It is important to keep waste to a minimum, but some excess products are unavoidable.

Composting is a sustainable process of waste disposal. The activity of microorganisms to decompose organic residue results in a product that has several environmental benefits. Compost can be applied to land to restore soil nutrition and enhance food security. In order to avoid toxicity in plants and their crop, it is essential to regulate what inputs go into a compost heap. In the next part, I will investigate what by-products of leather can be composted.


Argun, Y.A., Karacali, A., Calisir, U. and Kilinc, N., 2017, Composting as a Waste Management

Method. Journal of International Environmental Application and Science, 12(3), 244-


Cai, L., Gong, X., Sun, X., Li, S. and Yu, X., 2018, Comparison of chemical and microbiological

changes during the aerobic composting and vermicomposting of green waste. PloS

one, 13(11), e0207494.

Cayuela, M.L., Sánchez-Monedero, M.A., Roig, A., Sinicco, T. and Mondini, C., 2012,

Biochemical changes and GHG emissions during composting of lignocellulosic

residues with different N-rich by-products. Chemosphere, 88(2), 196-203

Chadar, S.N., Chadar, K. and Singh, M., 2018, Composting as an Eco-Friendly Method to

Recycle Organic Waste. Department of Chemistry, University Institute of Technology-

RGPV Bhopal, India.

European Commission, 2019, The European Green Deal, Brussels

European Commission, 2020, A Farm to Fork Strategy for a fair, healthy and environmentally friendly food system, Brussels.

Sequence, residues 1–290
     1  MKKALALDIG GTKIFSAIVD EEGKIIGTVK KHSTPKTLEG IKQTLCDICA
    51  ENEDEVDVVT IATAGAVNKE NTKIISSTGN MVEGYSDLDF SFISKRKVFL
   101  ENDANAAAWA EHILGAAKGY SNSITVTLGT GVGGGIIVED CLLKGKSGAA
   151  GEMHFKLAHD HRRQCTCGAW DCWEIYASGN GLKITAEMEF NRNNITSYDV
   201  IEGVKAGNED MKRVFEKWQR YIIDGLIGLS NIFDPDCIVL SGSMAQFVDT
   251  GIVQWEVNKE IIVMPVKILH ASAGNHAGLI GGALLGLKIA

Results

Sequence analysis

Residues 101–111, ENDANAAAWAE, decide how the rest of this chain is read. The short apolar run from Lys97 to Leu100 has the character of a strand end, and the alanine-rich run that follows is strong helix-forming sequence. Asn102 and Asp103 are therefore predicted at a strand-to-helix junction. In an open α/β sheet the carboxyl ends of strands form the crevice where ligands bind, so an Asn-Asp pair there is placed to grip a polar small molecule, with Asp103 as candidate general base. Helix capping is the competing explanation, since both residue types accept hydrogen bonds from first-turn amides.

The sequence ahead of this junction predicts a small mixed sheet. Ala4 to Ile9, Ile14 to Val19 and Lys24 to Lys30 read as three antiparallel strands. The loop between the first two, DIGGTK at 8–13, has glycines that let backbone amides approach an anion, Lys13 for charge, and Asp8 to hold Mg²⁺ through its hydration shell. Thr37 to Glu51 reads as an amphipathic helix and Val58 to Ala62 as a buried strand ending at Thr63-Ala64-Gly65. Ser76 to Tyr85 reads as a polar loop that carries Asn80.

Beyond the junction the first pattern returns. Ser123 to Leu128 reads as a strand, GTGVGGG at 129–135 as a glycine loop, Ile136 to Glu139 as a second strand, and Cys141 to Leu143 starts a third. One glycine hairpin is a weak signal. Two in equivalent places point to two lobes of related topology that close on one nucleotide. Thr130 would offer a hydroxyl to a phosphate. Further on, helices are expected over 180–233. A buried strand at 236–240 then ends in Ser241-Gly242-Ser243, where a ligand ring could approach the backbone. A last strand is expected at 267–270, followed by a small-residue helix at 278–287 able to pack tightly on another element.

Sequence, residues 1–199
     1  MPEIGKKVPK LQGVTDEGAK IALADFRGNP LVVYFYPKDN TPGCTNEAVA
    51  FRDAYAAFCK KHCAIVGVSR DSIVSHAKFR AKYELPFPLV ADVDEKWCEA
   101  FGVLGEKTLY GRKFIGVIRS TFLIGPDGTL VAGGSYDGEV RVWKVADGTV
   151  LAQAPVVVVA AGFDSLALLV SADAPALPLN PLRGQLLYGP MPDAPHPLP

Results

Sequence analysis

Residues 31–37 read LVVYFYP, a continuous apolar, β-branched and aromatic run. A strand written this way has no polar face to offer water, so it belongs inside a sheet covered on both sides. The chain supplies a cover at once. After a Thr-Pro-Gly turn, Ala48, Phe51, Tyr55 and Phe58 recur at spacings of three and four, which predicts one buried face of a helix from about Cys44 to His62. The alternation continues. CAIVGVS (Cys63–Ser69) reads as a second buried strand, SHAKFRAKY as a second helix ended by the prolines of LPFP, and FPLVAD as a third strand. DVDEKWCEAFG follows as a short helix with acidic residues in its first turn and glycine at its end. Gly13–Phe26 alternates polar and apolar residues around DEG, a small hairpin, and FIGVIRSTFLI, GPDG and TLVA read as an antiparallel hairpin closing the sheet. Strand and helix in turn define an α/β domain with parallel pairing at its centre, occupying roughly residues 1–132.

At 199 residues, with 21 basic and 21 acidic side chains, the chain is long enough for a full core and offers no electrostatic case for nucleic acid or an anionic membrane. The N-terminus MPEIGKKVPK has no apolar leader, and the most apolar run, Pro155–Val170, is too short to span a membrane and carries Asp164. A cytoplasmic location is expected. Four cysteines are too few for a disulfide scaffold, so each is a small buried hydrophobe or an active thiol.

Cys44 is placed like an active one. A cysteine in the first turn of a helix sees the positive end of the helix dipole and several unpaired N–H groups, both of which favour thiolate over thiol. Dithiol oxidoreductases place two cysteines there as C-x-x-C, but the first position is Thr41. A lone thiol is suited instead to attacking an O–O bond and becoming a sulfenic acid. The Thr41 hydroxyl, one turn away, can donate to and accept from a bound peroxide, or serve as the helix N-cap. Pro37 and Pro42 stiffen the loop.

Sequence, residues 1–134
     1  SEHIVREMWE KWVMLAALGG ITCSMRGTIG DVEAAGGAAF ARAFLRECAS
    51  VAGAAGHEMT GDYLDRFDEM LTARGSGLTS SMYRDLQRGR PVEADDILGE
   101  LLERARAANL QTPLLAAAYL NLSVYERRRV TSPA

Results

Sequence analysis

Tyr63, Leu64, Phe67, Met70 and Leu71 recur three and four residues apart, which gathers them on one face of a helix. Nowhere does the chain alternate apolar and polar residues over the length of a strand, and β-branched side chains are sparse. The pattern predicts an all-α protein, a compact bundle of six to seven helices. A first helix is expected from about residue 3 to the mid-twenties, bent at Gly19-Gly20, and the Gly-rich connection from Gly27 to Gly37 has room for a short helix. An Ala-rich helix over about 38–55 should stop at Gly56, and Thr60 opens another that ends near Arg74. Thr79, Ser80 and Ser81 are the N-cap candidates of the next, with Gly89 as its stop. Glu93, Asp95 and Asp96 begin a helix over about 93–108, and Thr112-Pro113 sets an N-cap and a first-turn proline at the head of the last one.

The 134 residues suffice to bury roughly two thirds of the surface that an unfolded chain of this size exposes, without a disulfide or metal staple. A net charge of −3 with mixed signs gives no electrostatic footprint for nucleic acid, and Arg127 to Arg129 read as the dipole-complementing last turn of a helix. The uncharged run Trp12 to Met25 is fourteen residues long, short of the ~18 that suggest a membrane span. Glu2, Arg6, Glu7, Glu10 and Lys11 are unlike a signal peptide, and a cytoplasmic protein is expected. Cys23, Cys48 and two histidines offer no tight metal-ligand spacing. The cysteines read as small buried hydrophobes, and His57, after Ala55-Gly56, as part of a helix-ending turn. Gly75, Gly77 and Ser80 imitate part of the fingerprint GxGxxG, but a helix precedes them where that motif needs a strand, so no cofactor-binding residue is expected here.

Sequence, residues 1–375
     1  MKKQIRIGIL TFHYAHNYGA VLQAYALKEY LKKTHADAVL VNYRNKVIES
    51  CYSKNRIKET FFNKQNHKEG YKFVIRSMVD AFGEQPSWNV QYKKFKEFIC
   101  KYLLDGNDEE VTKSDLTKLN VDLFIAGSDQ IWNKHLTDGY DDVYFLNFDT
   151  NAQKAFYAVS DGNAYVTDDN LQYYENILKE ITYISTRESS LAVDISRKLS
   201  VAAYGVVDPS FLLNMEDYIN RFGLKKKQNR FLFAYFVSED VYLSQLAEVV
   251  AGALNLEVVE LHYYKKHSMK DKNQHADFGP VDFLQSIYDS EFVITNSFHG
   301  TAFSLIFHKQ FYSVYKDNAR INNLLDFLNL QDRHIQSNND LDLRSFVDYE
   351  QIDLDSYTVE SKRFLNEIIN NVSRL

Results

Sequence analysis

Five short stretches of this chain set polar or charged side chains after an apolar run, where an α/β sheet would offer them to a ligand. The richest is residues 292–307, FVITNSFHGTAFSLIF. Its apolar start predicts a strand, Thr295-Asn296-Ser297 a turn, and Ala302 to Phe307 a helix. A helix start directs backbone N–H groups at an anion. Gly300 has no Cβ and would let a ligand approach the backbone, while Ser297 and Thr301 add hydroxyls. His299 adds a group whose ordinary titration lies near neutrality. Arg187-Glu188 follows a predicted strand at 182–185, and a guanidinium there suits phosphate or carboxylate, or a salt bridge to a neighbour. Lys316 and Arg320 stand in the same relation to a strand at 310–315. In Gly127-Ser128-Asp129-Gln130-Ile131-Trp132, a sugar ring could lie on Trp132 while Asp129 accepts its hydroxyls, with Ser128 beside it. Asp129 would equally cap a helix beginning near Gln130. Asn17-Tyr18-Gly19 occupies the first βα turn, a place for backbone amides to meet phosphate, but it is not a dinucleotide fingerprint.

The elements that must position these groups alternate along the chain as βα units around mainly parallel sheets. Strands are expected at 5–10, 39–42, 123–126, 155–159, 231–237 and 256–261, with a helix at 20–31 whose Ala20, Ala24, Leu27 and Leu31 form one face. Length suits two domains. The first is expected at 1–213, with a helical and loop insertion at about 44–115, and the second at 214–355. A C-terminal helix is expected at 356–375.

Krstic, I.I., Radosavljević, J., Djordjević, A., Avramović, D. and Vukadinović, A., 2019,

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vermicomposting technologies for organic solid waste biotransformation: recent

overview, greenhouse gases emissions and economic analysis. Journal of Cleaner

Production, 111, 262-278.

Neina, D., 2019, The role of soil pH in plant nutrition and soil remediation. Applied and

Environmental Soil Science PAS 100, 2011, Specification for composted materials: BSI

Razza, F., D’Avino, L., L’Abate, G. and Lazzeri, L., 2018. The role of compost in bio-waste

management and circular economy. In Designing Sustainable Technologies, Products

and Policies, 133-143

Tautges, N.E., Chiartas, J.L., Gaudin, A.C., O' Geen, A.T., Herrera, I. and Scow, K.M., 2019, Deep soil inventories reveal that impacts of cover crops and compost on soil carbon sequestration differ in surface and subsurface soils. Global change biology, 25(11), 3753-3766